31st May2019

‘Among the Sleep’ Review (Nintendo Switch)

by Rupert Harvey


Krillbite Studios’ existential horror adventure Among the Sleep was originally released in 2014. This Enhanced Edition came to PC in 2017 and is now arriving on consoles. The enhancements include “new dialogue, better performance and visuals”; and while it has elements that betray its low-budget, early-gen origins, it is still an effective nightmare with an original setting.

The title Among the Sleep intriguingly refers to the point between waking and sleep – somewhere vivid for young children as they negotiate the boundary between reality and the imagination. You play a kid on their second birthday. Mum puts him in his cot and leaves the room. Something terrible happens, so you pick up your best friend Teddy and embark on an adventure, first into the darkness of the house, and then into a realm of dreams.

The core gameplay is familiar: traverse the environment, solving simple logic and physics puzzles, whilst avoiding the threat of the enemy. What makes Among the Sleep different is that the world is made up of everyday items that seem alien and outsized because of your age. A chest of drawers is a mighty barrier – you’ll need to slide open the drawers to create steps to climb up. What the puzzles lack in variety and ingenuity, they make up for in purpose. Your quest is to recover specific memories, to complete the picture of your mother. Each memory takes the form of an object – a music box, say, or a book. The concept plays on the essential childhood fear or separation. You are willing Mother back into existence through the inventory of the imagination. The shock ending arrives only too swiftly, barely three hours in.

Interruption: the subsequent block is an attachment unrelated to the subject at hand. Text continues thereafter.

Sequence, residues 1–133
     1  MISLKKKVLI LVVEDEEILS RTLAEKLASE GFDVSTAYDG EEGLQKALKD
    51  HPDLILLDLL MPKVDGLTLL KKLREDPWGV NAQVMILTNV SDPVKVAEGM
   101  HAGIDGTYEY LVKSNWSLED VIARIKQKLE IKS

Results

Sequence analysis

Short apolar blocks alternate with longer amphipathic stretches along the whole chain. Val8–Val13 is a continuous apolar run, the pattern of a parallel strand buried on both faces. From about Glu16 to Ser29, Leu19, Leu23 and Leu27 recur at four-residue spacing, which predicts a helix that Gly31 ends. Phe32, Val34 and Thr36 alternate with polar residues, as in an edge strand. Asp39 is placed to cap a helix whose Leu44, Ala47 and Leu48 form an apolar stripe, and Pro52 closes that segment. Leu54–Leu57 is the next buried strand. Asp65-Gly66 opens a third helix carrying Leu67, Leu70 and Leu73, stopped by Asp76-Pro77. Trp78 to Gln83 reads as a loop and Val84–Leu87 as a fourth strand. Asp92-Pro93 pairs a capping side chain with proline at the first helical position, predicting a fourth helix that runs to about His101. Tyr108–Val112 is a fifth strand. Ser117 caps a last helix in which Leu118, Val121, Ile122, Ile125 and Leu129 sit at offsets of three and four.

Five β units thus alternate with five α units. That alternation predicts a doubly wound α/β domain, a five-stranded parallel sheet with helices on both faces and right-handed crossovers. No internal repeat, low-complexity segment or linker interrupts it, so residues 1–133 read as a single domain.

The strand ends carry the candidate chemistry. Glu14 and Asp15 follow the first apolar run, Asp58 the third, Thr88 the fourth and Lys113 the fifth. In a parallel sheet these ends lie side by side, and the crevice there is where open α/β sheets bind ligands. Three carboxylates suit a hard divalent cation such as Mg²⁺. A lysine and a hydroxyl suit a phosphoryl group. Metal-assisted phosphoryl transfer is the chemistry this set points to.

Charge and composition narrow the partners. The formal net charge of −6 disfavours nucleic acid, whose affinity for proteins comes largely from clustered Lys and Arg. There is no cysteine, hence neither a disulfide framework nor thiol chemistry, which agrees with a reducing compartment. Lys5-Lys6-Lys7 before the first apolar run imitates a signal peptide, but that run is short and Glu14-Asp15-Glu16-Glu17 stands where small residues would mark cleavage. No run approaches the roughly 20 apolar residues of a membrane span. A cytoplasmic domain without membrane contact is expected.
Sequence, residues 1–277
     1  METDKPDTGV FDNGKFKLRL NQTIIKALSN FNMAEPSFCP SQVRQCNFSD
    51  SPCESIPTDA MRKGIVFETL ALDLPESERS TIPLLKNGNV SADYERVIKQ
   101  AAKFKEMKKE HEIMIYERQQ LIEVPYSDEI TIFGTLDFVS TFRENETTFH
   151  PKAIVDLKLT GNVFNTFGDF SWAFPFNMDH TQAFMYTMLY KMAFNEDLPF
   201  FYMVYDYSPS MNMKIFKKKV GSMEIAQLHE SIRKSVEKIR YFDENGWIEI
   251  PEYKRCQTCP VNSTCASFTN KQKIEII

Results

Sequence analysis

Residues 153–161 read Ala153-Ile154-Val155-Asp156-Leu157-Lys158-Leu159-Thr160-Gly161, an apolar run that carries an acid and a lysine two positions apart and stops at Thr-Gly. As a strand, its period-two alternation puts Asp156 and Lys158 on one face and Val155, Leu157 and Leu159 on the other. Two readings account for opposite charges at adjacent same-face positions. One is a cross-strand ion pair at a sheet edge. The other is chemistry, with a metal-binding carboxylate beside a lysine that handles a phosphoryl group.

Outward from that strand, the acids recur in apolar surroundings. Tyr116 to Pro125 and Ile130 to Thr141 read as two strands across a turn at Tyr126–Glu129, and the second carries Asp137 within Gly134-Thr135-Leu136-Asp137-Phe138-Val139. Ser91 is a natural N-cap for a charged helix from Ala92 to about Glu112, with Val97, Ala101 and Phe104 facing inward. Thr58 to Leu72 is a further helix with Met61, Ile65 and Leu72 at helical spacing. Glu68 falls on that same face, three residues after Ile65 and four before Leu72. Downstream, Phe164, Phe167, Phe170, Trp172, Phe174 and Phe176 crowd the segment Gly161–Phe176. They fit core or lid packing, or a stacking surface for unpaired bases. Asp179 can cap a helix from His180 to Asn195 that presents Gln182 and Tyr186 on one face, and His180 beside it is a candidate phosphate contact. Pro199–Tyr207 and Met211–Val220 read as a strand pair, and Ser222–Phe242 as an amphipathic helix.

Your enemy is a nameless horror: a crazed Mother made from shadow; some awful misapprehension of an infant mind. She stalks you, and in these sections there is some light sneaking and hiding. She’s not too difficult to avoid, and there are few of the frustrating, show-stopping insta-kills of Alien Isolation. When things get too dark, you can hug Teddy – he acts as a torch, illuminating what’s around you.

On Switch, performance is reasonably smooth in docked mode. It appears to waver between 25 and 40 FPS, but it rarely chugs and the loading times are brisk. However Among the Sleep fares worse in handheld mode, especially later on, when the combination of more complex level design and warping screen effects drop the framerate considerably.


Some of the animations betray the limited production values. In the cutscenes, Mother is particularly stiff, and the voice-acting isn’t top-tier. In-game, the physics are solid – but less so certain objects in the environment, with frequent clipping breaking the immersion. The world you traverse would appear to be a playground, but it’s largely an illusion; most objects cannot be manipulated or climbed upon unless absolutely necessary for progression.

It’s worth picking out the sound design for praise. A creepy cacophony follows your every step. The everyday sounds of creaking floorboards or laughing children are rendered alien, ringing with echo and reverb. Adult voices come and go, sometimes with words and sometimes in the form of breaths and gasps. It’s very unsettling.

The first challenge with Among the Sleep is getting your head around the concept that you are an adult mind in control of a tiny, confused, stumbling child. But I was surprised by how much the game made me empathise with this vulnerable little sprog. What a weird place the world is to the uninitiated. And, despite its myriad of technical flaws, what a weirdly ambitious and impressive game this is.

Among the Sleep is out on Nintendo Switch now from SOEDESCO.


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